The human condition lies at the heart of the practice of Belgian artist Berlinde De Bruyckere. De Bruyckere’s sculptures address notions of birth, love, mourning, courage, anguish and empathy. We are all flesh has been created in a spirit of compassion, and its process is entirely humane. De Bruyckere works closely with the veterinary clinic at Ghent University. When a horse passes away, the veterinarians contact De Bruyckere so that she can make plaster moulds of the horse’s body. She then casts reconfigured sections of these moulds in resin to create sculptural forms, which she covers with horse skins acquired from a tanner in Brussels.

De Bruyckere hopes that once the initial association with the image of 'real' horses has passed, viewers will begin to see or understand her sculpture in relation to human emotions and confronting moral contexts. De Bruyckere uses the horse as a symbol for our humanity, which she deliberately abstracts in order to lay bare our vulnerabilities, afflictions and fears. In so doing, she continues the traditions of Francis Bacon (1909-1992) and Auguste Rodin (1840 1917), artists who also fragmented the representation of the body in order to express mental and physical states of being.

We are all flesh is a reminder of the fragility of existence - made all the more stark by the jarring juxtaposition of (apparently) organic forms with the permanency of the metal armature. The brutal mass of the steel structure, which was once part of an oil rig, conveys the heaviness and oppressiveness of death. The brandings on the hides and the tears and scars are evidence of a life lived — of body and flesh - and thus of being. We are all flesh considers what it is to let go of life.

Works of art, particularly ones which can be divisive or challenging, provide us with opportunities to have safe and meaningful conversations with students about their likes, dislikes and encourage them to formalise their point of view in succinct and informed ways. Works of art are the ideal platform for students to develop their critical thinking skills and build confidence when sharing opinions and ideas.

  • Think about where else you may have seen taxidermy animals. Suggest some reasons why it would be important to preserve animals in this way.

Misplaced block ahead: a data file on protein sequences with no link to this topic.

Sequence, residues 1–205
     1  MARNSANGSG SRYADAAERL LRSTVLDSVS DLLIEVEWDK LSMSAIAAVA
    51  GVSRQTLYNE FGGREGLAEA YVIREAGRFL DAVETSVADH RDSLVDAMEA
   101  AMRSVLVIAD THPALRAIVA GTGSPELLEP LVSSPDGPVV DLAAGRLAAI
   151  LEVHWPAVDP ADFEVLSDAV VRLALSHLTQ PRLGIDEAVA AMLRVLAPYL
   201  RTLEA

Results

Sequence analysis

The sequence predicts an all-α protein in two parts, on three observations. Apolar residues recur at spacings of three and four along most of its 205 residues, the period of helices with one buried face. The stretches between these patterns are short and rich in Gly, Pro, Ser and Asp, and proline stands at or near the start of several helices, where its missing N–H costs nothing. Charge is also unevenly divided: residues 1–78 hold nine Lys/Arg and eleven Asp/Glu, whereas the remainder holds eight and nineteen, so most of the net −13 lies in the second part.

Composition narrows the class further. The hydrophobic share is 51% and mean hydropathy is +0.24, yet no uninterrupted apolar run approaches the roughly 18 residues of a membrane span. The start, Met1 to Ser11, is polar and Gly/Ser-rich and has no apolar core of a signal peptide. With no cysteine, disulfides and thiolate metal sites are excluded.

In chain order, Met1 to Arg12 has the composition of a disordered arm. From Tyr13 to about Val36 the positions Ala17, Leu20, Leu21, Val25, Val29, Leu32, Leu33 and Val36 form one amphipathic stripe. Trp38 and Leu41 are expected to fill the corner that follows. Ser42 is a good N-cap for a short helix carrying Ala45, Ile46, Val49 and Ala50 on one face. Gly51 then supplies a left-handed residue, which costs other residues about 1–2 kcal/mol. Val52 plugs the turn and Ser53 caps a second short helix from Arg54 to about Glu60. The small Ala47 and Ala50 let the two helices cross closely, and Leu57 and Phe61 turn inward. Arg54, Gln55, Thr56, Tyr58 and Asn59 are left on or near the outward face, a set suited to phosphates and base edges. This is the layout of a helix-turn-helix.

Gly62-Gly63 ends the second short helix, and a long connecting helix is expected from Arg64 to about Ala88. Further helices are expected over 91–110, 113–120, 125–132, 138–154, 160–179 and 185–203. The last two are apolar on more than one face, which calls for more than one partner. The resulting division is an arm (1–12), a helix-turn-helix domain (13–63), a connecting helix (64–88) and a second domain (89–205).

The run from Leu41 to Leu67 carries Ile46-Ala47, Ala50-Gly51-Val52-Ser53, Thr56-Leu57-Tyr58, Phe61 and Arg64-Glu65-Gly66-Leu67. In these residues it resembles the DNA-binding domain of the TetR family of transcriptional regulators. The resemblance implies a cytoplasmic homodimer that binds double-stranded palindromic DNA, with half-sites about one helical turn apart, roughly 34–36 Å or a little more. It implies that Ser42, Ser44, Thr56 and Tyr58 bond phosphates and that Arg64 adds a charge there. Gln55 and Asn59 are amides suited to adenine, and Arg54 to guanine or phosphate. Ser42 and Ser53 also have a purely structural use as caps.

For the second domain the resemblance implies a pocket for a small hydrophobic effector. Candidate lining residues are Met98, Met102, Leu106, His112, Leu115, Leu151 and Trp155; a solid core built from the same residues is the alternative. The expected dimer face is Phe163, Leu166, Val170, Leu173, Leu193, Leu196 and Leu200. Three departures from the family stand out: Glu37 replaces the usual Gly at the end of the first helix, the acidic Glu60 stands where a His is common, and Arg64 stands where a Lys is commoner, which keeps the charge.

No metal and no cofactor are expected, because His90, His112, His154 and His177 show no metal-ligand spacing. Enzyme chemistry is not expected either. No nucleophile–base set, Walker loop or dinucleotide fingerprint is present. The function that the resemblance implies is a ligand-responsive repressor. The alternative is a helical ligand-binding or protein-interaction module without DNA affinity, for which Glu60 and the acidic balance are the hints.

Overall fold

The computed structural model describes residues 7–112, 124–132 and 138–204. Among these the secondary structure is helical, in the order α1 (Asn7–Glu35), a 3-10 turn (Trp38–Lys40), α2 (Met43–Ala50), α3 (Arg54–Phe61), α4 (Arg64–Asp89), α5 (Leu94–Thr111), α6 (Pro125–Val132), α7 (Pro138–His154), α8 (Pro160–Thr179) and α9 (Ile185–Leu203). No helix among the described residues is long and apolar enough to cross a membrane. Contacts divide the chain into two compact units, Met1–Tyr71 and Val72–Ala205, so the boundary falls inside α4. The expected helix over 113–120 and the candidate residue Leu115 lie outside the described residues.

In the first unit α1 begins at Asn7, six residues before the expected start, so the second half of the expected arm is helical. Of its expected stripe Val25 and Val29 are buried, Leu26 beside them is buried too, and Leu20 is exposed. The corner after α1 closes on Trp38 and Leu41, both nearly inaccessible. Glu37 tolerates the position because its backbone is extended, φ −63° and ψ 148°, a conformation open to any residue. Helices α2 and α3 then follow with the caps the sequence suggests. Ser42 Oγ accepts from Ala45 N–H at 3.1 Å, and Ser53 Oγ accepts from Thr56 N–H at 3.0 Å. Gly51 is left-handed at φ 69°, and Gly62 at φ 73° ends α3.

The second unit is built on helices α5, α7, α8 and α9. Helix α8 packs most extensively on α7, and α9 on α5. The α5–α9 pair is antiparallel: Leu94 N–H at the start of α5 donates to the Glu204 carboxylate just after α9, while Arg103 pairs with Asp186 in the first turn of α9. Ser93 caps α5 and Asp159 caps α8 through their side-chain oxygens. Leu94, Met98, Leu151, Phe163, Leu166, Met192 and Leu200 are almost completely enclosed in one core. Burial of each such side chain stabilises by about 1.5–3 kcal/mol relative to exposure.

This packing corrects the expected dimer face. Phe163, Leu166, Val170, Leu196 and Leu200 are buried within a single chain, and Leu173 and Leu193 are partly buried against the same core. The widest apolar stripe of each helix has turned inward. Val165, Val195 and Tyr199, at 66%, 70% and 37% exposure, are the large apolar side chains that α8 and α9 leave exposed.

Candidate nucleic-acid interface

• De Bruyckere was inspired to utilise horses in her art after reflecting on the horses who lost their lives during both world wars. Visit the War Horse Memorial in Rundle Park. Does this memorial adequately commemorate the thousands of horses that served in the First World War? Explain your answer. As a class, make a list of other animal memorials in Australia.
  • Works of art in the Melrose Wing are thematically hung. What similarities can you discover between We are all flesh and another work of art in Gallery 13.
  • Examine other artists who have used taxidermy as a part of their art making. Compare We are all flesh with Untitled (Robert), a tattooed pigskin by Wim Delvoye. Research the process both artists use to create their works. Tip: You may like to investigate Damien Hirst or Julia deVille.
  • In Venice in 2017 a Damien Hirst exhibition was targeted by protestors from an animal rights group. Investigate Hirst’s process of sourcing and using animals. Divide your class into two groups and debate the topic: Using animals in art is always ethically and morally wrong. Conduct further research and use artists’ examples to support either argument
  • Write a story about your own pet or a pet you would like to own one day. Design a sculpture that commemorates their life. Where would you place your work of art? What makes this animal special to you?
  • Complete a blind contour line drawing of We are all flesh. Back in the classroom, simplify your line drawing further. Using this design, carve sections of your drawing into a piece of fruit. Leave your work near a window and photograph its deterioration each day. As a class create video capturing the demise of each work of art. Tip: Research Simryn Gill’s Skin for further inspiration.
  • Take multiple macro photographs of your skin on your arms and legs. Print these images and cover with gel medium. Once dry remove the paper to reveal the semi‑transparent remnants. With a partner, stitch your photographs together to create an item of ‘skin‑like’ clothing. You may like to hang your work of art from an armature and distort it by twisting, tearing, overlapping, pulling and stretching the gel medium. Tip: Research Lady Gaga’s meat dress designed by Franc Fernandez.
  • Create a work of art (2D or 3D) using a non‑traditional material in response to one of de Bruyckere’s core themes; love, suffering, loneliness, birth, death, or remembrance.

Science Understanding - The use and influence of Science

  • Although horses have long been raised as pets, humans have also relied on horses for transport and farming during both world wars. Solutions to contemporary issues that are found using science and technology may involve ethical considerations. Investigate how animals are used for scientific research. Discuss the benefits and issues associated with animal research.
  • Investigate an example where the use of animals in research led to a scientific breakthrough.